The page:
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Column: Dear Marco Rubio, The Liberal Arts Have a Proud History; Here’s an Introduction

Sunday, January 10, 2016
Dear Marco Rubio:

Welcome to New Hampshire. It’s a bit colder here than Miami, but I expect you’ll find a warm welcome, even in January.

It’s come to my attention that you’ve been assailing the liberal arts on the campaign trail. During one of the Republican debates, you declared — falsely, it appears — that welders earned more than philosophers. “We need more welders and less philosophers,” you said, although I suspect you meant to say “fewer philosophers” (a good liberal arts education helps with grammar, too).

Since then, you’ve ramped up the rhetoric. According to The New York Times, you’re telling voters that colleges and universities are “indoctrination camps” defended by political leftists “because all their friends work there.”

My guess is that is a facile attempt to link liberalism with liberal arts. That’s cute, but it’s also inaccurate. The liberal arts trace their history to the medieval study of the trivium and the quadrivium. The trivium consisted of general grammar, formal logic and classical rhetoric; quadrivium included arithmetic, geometry, music and astronomy. Together, these comprised the seven liberal arts taught in medieval monasteries, cathedral schools and universities.

Knowledge tends to be cumulative, adapting to changing times and circumstances. Today, the liberal arts encompass, as Merriam-Webster defines it, “areas of study (such as history, language, and literature) that are intended to give you general knowledge rather than to develop specific skills needed for a profession.”

I don’t deny for a moment that America needs welders — along with carpenters, plumbers, midwives, technicians and many other kinds of skilled workers. Those are all good and important, even noble, vocations. But do you seriously want to live in a nation of citizens lacking in “general knowledge,” who have no education in logic or no experience of critical thinking?

A liberal arts education provides a broader perspective. The study of history, to take one example, allows us to learn from the past — the perils of isolationism, for example, or the dangers of demagoguery. Learning a foreign language helps us to understand and to appreciate cultures other than our own. Music, literature and the arts not only have the capacity to elevate the human spirit and shed light on the human condition, they also provide a window into different societies, personalities and historical periods. And the philosophers you denigrate? They prompt us to ask the big questions — what is good or true or ethical — and they call us to account when our logic is faulty.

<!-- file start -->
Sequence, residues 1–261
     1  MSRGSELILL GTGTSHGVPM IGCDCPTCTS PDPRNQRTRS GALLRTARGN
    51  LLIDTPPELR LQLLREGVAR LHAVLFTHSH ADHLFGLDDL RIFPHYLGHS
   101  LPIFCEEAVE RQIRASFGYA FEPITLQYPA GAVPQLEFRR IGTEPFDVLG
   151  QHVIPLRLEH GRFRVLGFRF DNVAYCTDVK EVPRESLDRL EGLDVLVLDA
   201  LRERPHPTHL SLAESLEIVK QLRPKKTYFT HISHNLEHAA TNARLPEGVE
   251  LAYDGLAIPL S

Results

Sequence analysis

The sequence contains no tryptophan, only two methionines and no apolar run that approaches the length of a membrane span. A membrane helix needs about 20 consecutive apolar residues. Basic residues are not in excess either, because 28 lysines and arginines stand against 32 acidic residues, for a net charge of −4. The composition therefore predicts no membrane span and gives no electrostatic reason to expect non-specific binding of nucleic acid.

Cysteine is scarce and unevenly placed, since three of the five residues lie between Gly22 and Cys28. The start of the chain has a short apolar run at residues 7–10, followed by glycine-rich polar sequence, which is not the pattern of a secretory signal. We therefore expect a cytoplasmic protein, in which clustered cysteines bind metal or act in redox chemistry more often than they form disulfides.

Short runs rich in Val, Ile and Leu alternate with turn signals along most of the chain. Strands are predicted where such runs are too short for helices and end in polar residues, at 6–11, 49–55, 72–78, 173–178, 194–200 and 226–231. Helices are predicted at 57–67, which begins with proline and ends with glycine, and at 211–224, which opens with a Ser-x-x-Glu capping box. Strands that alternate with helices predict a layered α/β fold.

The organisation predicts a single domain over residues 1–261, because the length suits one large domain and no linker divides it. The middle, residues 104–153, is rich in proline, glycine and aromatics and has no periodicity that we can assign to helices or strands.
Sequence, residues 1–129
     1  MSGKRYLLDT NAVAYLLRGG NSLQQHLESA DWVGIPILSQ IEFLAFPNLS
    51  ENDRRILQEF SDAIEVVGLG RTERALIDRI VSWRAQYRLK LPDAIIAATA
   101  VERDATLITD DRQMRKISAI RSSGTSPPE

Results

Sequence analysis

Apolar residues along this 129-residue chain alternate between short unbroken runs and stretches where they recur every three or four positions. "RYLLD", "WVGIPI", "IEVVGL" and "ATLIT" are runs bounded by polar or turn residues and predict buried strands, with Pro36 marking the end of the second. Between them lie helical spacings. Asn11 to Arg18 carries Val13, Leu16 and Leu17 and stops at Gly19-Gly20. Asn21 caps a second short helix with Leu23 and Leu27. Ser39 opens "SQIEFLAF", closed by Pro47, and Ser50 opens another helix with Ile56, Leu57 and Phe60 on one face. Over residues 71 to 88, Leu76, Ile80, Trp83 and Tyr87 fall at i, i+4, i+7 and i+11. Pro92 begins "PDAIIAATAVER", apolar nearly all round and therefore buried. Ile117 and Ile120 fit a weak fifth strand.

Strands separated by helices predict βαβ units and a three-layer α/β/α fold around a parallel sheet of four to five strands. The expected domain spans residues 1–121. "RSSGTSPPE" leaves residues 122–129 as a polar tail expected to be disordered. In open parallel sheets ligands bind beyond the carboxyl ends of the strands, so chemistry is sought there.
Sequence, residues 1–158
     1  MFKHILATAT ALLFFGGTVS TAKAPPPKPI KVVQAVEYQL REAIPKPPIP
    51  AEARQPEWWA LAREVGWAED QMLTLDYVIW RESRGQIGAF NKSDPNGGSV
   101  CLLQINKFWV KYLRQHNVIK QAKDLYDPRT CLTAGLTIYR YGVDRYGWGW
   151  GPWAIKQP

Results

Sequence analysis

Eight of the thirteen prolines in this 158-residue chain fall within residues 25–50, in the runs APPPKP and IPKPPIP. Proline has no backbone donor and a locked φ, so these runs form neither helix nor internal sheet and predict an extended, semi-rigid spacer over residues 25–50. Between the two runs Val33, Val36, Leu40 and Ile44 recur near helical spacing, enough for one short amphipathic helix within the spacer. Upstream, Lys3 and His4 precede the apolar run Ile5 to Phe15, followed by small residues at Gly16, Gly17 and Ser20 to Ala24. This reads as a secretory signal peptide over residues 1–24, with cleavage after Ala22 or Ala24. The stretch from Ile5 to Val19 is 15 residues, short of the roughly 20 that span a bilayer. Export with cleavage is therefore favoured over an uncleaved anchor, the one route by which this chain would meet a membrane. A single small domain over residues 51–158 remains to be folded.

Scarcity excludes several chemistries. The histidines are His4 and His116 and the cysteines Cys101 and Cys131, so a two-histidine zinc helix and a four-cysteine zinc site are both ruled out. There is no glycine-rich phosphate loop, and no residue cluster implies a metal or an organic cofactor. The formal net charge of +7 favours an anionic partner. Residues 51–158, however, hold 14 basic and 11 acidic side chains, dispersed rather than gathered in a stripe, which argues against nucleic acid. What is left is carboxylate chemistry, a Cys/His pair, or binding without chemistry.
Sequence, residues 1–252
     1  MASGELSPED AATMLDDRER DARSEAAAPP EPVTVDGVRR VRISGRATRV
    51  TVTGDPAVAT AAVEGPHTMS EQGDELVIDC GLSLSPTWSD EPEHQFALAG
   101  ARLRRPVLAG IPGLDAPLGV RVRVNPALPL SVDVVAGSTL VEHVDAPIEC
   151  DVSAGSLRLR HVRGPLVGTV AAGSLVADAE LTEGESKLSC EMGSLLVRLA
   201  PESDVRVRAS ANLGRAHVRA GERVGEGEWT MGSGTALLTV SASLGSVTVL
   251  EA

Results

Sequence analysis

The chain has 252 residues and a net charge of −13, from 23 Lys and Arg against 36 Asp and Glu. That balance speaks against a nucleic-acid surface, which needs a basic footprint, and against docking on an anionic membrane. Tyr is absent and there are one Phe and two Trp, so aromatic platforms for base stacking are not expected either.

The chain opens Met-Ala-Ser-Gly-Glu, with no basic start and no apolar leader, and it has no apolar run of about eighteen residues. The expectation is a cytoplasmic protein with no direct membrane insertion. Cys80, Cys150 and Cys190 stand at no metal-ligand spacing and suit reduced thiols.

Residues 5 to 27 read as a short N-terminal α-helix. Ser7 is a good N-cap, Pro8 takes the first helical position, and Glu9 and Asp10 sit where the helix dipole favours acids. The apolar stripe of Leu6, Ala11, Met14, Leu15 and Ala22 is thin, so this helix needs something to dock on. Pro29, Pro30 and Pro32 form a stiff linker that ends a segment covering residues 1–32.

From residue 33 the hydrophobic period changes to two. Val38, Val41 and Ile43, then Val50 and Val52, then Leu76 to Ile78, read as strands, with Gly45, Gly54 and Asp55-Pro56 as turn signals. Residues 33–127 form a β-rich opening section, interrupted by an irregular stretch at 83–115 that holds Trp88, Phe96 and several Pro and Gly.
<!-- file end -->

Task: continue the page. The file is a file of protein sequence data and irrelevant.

As for the “indoctrination camps” you mention, any liberal arts student worthy of the name learns to challenge assumptions and presuppositions. Contrary to your own supposition, that happens frequently on campus — in term papers, in the course of lively discussions in the classroom and also outside of class. Even more important, those critical skills, once acquired, tend to be exercised and honed over the course of a lifetime. That’s the beauty, and the importance, of a liberal arts education.

The other thing you should know about colleges and universities — and this may surprise you — is that educational institutions are among the most conservative in American society. Let me explain. In order to secure a place in the academy, a scholar must demonstrate her professional skills through a process called peer review. This means that everything a professor has written is vetted and scrutinized to ensure that the highest standards of scholarship have been observed. Those peers may, and often do, disagree with a scholar’s conclusions, but as long as the canons of academic inquiry have been followed, the scholar is entitled to tenure. That’s a very conservative process, because it provides a safeguard against rogue or irresponsible scholarship.